His work in science policy advocacy is based on these two elements.

In Australia, access to Parliamentarians and members of the public service is significant. Working with peak science and technology organizations, they can engage regularly and constructively to influence policy. He believes, “When you experience the positive impact of being able to change policy, funding mechanisms, or eligibility rules, it is inspiration to do more.”

He got involved in policy through the Early- and Mid-Career Researcher Forum of the Australian Academy of Science. He used that experience at Science & Technology Australia, the peak body representing all science, technology, engineering, and mathematics societies (and through them, 225,000 STEM professionals). Having served as STA’s Policy Chair for four years, he has the honor of being the current President.

Advice for Aspiring Researchers

Sharath’s advice to early- and mid-career researchers aspiring to make an impact in nanoelectronics, sensors, or medical technologies is to reflect on the values that drive them and stay true to them.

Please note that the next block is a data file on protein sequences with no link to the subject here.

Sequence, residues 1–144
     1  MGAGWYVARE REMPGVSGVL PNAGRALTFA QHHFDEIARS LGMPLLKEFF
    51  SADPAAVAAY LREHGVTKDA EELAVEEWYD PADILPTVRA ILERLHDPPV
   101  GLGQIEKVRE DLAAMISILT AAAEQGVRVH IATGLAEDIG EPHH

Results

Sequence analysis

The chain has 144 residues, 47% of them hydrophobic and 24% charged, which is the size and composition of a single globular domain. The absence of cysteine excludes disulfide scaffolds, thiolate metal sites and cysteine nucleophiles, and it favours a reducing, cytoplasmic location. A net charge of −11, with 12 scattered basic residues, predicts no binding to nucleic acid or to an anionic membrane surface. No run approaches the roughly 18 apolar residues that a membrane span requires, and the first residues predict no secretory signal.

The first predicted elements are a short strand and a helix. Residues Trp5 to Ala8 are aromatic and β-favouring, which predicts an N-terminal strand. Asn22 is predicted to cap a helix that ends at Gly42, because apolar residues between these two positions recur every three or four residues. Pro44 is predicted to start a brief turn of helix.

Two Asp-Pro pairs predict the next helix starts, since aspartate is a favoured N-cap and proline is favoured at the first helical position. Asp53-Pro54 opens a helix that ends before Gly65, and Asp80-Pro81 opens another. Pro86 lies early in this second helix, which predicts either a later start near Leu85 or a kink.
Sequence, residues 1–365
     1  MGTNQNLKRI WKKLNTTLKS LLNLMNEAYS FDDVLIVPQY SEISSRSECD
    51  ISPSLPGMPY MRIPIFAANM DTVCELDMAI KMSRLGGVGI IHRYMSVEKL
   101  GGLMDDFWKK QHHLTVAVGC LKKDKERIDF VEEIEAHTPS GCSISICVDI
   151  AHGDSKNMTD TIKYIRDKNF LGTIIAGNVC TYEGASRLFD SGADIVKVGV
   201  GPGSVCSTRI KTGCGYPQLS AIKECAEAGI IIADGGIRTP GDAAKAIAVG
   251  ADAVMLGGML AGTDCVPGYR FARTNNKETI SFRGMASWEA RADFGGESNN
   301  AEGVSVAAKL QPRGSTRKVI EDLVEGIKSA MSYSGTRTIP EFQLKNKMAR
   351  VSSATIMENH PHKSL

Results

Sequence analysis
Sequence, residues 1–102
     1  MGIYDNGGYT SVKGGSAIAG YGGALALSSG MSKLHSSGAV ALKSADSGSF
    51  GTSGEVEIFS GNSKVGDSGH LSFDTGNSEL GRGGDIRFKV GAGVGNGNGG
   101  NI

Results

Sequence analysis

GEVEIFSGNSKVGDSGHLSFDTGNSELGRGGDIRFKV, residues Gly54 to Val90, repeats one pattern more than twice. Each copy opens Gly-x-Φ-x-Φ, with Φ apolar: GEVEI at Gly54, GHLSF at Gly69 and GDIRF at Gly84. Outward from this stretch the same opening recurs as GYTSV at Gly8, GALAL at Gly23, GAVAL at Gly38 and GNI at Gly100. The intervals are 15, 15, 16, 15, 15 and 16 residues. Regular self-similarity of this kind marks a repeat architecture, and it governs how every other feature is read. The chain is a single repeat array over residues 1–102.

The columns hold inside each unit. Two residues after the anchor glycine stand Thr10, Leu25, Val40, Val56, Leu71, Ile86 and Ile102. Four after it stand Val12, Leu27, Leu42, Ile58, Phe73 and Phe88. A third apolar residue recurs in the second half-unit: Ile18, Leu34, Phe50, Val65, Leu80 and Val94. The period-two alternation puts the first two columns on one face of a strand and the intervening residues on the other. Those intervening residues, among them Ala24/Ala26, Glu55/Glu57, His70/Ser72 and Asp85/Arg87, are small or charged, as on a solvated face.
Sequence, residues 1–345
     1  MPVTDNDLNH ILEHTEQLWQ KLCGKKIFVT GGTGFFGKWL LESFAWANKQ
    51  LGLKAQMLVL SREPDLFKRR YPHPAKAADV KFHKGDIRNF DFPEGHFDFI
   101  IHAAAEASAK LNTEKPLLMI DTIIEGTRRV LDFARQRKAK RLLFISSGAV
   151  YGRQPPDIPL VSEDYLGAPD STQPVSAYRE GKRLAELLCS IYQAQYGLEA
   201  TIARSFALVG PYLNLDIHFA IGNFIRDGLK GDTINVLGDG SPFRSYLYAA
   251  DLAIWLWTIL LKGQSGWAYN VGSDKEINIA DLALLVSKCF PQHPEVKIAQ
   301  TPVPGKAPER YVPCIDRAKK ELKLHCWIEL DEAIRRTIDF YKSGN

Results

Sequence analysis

In his view, “being an early- and mid-career researcher is really challenging, as many aspects of life and career are outside one’s control. However, being true to why one got into research is important, as only that gives long-term satisfaction, as performance goal posts will always keep shifting.”

“Another trait that complements values is generosity. The way research works has pitted people against each other, whereas collaboration, sharing, and supporting get us much further.”

From Research to Commercialization

The ability to create or translate innovative technologies is underpinned by cutting-edge research. This research is what creates the technology pipeline.